August 2 | 6pm | Wavertree | Free
In mid-20th century New York, on a landfilled street of lower Manhattan—named after 17th century Dutch settlers—a group of artists changed American art forever. In this compelling book talk celebrating the release of The Slip: The New York City Street That Changed American Art Forever, author Prudence Peiffer will join in conversation with moderator Ada Calhoun to capture this defining moment in American art and the profound role that place plays in creativity.
Together we will delve into the pivotal role that Coenties Slip played in shaping the artistic journeys of renowned American artists that changed the landscape of Modern Art. The slip is where Ellsworth Kelly (1923–2015) honed his unique style through hard-edge abstractions and delicate line drawings; where Robert Indiana (1928–2018) developed sculptures from scavenged materials and paintings about the literary and maritime history of the neighborhood; where James Rosenquist (1933–2017) examined the role of advertising and consumer culture in art and society; where painter Jack Youngerman (1926–2020) and actress Delphine Seyrig (1932–1990) forged their own artistic visions; and where Agnes Martin (1912–2004) and Lenore Tawney (1907–2007) made singular impressions on the art world with abstract paintings and fiber arts respectively.
Registration is encouraged for this free event but walk ups will be accommodated as possible. A Q&A, book signing, and free toast with wine or sparkling water will follow the presentation.
Books will be available for purchase at the event aboard Wavertree with help from our neighbors at McNally Jackson Seaport. Preorder is available at mcnallyjackson.com. Any preordered books will be brought to the talk for pickup.
Please Note This is a Past Program, Event, or Activity
About Coenties Slip
Despite Coenties Slip’s relative obscurity, this program will look at how the history of lower Manhattan was inscribed into its landfill and cobblestones—one of the first streets and central markets of the new colony, built by enslaved people, with revolutionary meetings at the tavern just down Pearl Street; site of the boom and bust of the city’s vital maritime industry; and, was a development battleground for Jane Jacobs and Robert Moses.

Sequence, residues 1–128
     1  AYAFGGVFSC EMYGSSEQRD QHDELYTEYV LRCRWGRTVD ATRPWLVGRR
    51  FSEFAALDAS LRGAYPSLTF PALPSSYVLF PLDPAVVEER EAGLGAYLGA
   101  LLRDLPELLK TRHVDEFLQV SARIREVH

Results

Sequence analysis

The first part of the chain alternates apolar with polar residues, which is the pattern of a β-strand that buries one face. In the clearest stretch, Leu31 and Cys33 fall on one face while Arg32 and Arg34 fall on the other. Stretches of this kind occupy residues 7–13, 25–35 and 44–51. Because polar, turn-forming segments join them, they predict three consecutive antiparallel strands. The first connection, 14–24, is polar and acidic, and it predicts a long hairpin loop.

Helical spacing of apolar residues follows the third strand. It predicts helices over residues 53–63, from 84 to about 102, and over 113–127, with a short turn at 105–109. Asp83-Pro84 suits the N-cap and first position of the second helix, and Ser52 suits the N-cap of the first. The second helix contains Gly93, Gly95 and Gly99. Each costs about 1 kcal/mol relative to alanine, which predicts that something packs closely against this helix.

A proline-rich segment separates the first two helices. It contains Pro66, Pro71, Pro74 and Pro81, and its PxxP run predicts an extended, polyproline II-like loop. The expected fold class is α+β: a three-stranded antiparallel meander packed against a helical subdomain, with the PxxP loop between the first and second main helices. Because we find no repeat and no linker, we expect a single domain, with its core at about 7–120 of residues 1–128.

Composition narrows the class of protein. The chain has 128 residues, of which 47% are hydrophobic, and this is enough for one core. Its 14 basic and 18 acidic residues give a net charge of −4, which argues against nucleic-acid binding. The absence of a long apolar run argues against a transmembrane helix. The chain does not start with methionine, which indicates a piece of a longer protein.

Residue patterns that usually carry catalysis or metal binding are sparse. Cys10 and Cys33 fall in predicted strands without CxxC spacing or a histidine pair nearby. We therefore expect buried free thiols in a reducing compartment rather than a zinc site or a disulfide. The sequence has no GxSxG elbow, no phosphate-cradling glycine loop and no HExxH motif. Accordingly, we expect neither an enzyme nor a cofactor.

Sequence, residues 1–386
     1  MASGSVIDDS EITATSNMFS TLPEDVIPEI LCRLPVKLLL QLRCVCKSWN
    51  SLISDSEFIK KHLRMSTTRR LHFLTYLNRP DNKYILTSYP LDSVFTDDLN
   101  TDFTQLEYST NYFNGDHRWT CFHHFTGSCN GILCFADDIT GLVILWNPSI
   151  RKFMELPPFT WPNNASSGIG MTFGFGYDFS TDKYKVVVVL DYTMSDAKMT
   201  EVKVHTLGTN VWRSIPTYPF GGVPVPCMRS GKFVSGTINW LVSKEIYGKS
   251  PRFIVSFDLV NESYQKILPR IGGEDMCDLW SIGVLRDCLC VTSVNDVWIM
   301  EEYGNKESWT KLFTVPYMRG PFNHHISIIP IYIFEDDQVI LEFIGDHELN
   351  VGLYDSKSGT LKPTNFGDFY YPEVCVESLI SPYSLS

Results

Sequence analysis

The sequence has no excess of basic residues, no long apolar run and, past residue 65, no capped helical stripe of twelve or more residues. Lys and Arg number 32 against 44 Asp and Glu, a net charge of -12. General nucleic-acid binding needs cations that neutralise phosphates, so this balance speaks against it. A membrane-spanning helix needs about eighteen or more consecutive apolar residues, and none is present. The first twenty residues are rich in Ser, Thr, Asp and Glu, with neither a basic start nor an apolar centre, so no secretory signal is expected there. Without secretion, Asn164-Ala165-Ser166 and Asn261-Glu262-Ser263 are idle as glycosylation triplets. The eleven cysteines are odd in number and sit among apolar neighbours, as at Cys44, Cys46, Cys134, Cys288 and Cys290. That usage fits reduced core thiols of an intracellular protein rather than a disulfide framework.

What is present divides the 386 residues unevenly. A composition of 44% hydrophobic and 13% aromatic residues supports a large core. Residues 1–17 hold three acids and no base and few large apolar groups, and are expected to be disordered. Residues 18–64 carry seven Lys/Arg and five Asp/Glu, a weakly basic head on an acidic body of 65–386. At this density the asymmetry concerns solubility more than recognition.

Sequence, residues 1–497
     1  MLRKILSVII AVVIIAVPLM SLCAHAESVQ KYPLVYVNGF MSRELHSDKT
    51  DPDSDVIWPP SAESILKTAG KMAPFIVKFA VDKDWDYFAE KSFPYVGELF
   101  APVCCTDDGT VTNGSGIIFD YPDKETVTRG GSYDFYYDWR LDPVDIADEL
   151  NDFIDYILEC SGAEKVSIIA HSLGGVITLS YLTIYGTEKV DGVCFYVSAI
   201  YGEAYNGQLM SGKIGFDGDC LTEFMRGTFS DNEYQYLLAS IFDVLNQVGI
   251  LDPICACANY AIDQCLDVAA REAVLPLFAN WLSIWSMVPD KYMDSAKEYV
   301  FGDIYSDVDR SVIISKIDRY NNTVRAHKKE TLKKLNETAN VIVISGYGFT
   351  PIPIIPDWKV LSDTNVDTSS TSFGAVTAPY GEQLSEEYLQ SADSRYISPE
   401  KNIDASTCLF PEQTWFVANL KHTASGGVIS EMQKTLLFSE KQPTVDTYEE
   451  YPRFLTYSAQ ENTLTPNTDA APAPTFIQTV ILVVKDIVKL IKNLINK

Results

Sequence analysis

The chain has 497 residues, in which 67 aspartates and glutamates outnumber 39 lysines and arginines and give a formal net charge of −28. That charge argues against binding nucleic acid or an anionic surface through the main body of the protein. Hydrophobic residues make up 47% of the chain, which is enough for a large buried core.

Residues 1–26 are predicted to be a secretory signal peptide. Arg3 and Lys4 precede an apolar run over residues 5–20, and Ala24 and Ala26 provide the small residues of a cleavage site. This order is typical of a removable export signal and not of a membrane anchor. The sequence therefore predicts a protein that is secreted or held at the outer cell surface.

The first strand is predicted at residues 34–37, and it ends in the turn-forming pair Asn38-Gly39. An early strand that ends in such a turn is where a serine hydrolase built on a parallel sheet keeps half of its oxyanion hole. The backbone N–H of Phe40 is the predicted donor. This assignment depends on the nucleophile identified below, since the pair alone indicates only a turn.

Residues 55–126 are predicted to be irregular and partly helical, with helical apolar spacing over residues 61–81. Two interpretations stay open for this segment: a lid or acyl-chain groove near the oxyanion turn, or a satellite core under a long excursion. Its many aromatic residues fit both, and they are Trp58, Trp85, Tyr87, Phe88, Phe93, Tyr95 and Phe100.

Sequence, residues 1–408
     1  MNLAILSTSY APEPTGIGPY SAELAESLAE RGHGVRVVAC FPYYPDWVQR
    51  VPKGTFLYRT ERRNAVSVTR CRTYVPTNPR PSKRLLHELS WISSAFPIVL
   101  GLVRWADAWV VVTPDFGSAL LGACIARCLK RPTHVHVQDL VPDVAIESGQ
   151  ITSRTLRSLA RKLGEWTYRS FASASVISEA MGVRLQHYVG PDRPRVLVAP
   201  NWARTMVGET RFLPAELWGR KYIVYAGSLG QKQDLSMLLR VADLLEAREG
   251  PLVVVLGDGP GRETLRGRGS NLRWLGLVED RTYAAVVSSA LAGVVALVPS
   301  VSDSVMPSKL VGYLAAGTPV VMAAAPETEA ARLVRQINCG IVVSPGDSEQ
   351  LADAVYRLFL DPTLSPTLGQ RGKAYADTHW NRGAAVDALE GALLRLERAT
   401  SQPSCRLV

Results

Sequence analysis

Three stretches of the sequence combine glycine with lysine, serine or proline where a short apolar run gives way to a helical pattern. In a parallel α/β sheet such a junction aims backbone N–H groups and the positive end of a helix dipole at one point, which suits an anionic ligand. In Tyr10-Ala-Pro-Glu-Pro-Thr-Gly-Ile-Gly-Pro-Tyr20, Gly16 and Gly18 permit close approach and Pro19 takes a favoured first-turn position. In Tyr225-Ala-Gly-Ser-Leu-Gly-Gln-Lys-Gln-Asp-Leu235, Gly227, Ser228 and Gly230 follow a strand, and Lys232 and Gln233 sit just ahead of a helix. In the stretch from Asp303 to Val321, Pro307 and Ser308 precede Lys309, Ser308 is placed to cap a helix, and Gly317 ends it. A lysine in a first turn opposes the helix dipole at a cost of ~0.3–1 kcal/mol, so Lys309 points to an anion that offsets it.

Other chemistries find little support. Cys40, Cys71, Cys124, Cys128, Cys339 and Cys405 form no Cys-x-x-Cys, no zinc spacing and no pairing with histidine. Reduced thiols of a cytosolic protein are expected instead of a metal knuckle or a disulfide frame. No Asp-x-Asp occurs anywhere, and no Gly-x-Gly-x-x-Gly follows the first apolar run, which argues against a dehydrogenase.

About the Speakers
Prudence Peiffer is an art historian, writer, and editor specializing in modern and contemporary art. She is Director of Content at MoMA, New York. She received her PhD from Harvard University. Following a postdoctoral fellowship at Columbia University, she was a Senior Editor at Artforum magazine from 2012–2017, and Digital Content Director at David Zwirner in 2018. Her writing has appeared in The New York Times, New York Review of Books, Artforum, and Bookforum, among other publications. Her latest book, on which this presentation is based, is titled The Slip: The New York City Street That Changed American Art Forever.
Ada Calhoun is the author of Also a Poet: Frank O’Hara, My Father, and Me, which was named one of the Best Books of 2022 by The New York Times, Washington Post, Oprah Daily, and NPR. The publication was featured on PBS News Hour and the Today show; and long-listed for an Andrew Carnegie Medal for Nonfiction. Calhoun’s past books include The New York Times bestseller Why We Can’t Sleep: Women’s New Midlife Crisis, and the New York City history St. Marks Is Dead: The Many Lives of America’s Hippest Street.
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